Biltmore Celebrates 75 Years of Hospitality
Biltmore House first opened its doors to owner George W. Vanderbilt’s family and friends in 1895. Then, on March 15, 1930, the rest of the world got a chance to see inside America’s largest home when John and Cornelia Cecil—Vanderbilt’s son-in-law and daughter—opened the 250-room château in Asheville, NC, to the public. On March 15, 2005, Vanderbilt’s great-grandson, William Cecil, Jr., will commemorate that original opening as part of the celebration of its 75th anniversary.
“My grandparents were proud to share their home with visitors in 1930 and I’m honored to be able to continue offering that same hospitality,” said Cecil, CEO and President. “It’s hard to believe the house has been open to the public for 75 years. We hope that guests today are just as excited about experiencing my great-grandfather’s vision as those first guests were in 1930.”
The house was originally opened to the public in collaboration with the Directors of the Asheville Chamber of Commerce. Chamber officials hoped that opening the house to visitors would bring tourism to Depression era Asheville. Today, with the estate receiving approximately one million visitors each year, that hope has been realized.
A study just released by Dr. Tammy Ross Huffman of the Department of Management and Accountancy at the University of North Carolina, Asheville, estimated Biltmore's economic impact on Western North Carolina in 2004 as more than $351 million—nearly a six percent increase over a study released in 2001 by the Center for Business Research at Appalachian State University. Biltmore also contributes to the region by serving as a primary employer with approximately 1,700 employees on the payroll.
“Biltmore Estate has long been a tourism cornerstone for Asheville and Western North Carolina,” said Lynn Minges, Executive Director of the North Carolina Division of Tourism. “The estate attracts visitors to our mountain region where quite a few wonderful tourism destinations can be found including the Blue Ridge Parkway, which is celebrating its 70th anniversary this year. Within the Division of Tourism, we're delighted to have partners like Biltmore that make promoting North Carolina such a delight—especially when they’ve been doing it with such great success for 75 years."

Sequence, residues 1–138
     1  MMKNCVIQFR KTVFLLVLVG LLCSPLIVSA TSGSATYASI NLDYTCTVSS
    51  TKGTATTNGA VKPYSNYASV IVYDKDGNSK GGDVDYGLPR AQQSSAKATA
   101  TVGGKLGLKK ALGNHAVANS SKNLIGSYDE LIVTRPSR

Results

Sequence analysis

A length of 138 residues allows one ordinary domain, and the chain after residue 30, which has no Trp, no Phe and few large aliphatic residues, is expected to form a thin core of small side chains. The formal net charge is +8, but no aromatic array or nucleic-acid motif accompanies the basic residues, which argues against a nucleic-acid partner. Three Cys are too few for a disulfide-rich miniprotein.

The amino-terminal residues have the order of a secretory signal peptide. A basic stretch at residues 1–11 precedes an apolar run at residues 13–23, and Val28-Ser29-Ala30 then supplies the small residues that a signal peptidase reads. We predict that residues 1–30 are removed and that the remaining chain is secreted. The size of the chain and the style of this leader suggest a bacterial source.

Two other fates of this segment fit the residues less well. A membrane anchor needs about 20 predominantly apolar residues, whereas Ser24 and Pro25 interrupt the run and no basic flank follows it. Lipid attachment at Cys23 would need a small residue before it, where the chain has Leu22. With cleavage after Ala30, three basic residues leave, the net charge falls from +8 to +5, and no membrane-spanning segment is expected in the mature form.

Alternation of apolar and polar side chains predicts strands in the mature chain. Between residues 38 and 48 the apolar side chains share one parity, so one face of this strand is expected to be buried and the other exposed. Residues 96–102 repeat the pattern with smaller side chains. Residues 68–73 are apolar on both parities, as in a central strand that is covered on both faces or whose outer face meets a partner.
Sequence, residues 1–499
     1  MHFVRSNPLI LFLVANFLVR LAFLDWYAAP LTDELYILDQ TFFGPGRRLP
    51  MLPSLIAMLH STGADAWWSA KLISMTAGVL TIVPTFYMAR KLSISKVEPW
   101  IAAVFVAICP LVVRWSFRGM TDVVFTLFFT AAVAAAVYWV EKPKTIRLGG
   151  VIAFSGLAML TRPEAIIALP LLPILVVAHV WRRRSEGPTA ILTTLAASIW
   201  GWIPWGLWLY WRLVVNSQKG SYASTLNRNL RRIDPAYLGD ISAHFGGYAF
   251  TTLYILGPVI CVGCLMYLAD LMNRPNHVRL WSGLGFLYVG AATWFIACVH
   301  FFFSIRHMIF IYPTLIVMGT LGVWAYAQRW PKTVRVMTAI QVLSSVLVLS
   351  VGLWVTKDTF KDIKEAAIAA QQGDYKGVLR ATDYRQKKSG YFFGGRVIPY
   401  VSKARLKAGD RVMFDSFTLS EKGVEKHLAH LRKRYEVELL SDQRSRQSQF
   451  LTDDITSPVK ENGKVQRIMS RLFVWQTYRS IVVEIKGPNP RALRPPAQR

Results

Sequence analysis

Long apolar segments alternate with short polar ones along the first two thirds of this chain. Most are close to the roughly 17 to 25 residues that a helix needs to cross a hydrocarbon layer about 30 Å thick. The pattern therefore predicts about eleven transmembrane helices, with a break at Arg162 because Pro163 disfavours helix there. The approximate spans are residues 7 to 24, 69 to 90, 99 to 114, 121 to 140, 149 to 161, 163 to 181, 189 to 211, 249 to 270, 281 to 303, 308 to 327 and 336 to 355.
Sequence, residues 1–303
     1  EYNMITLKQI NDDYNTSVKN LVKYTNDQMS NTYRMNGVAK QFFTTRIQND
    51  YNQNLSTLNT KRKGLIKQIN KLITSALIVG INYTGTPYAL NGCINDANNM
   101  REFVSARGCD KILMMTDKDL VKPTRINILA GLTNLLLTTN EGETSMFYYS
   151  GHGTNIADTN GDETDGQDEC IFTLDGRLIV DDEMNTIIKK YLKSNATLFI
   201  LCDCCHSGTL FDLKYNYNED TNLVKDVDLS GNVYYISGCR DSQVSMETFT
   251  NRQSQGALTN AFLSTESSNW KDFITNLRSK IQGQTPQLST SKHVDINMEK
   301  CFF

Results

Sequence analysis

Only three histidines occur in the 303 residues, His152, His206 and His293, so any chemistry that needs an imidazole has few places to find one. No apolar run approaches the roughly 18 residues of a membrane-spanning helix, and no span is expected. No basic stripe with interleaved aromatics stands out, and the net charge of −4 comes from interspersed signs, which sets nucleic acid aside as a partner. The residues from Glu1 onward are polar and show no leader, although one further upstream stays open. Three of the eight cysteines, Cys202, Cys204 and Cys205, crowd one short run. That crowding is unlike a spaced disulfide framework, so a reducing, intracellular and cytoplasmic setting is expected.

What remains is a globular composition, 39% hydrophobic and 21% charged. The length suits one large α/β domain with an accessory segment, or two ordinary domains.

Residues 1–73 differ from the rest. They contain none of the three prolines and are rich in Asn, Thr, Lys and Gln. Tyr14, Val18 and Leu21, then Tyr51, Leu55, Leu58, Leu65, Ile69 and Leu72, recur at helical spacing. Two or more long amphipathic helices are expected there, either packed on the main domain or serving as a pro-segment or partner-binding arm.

In the decades since the estate has opened, the property has grown to include Biltmore Estate Winery—the most visited winery in America; the Mobil Travel Guide Four-Star, AAA Four-Diamond Inn on Biltmore Estate; the Explore Biltmore Outdoor Center offering activities including horseback riding, hiking, biking, rafting and the Land Rover Experience Driving School; and the River Bend Farm where the agricultural side of the estate is interpreted.
To celebrate 75 years of welcoming visitors to Biltmore, the Cecil family will once again invite dignitaries and the public to join them at the Front Door of the house for a brief ceremony at 9:30 a.m., on March 15. There will also be a display of 1930 era automobiles along the drive to the house and at 10:00 a.m. estate expert Ellen Rickman, director of museum services, will be in the Stable Hallway signing copies of the just released book Biltmore Estate.
In 1930, Cornelia Cecil welcomed visitors with a short speech, quoted in the Asheville Citizen newspaper: “Mr. Cecil and I hope that through opening Biltmore House to the public, Asheville and Western North Carolina will derive all the benefit they deserve and that the people who go through the house and the estate will get as much pleasure and enjoyment out of it as Mr. Cecil and I do in making it possible. I also want to say that we both feel that in doing this, it is a fitting memorial to my father. After all, it was his life’s work and his creation.”
Completed in 1895 by George W. Vanderbilt, Biltmore House is a 250-room French Renaissance-style château, the largest private residence in the country and a National Historic Landmark. The estate receives approximately one million guests annually from all over the world. Richard Morris Hunt designed the mansion and Frederick Law Olmsted, landscape architect of New York’s Central Park, designed the original 125,000-acre estate (now 8,000 acres). Today, Vanderbilt’s grandson, William A.V. Cecil, Sr., owns the estate—a for-profit business that receives no outside funding or governmental assistance.
For general information about Biltmore, contact The Biltmore Company, One Approach Road, Asheville, NC 28803 or phone 877-324-5866 or visit the Web site at www.biltmore.com.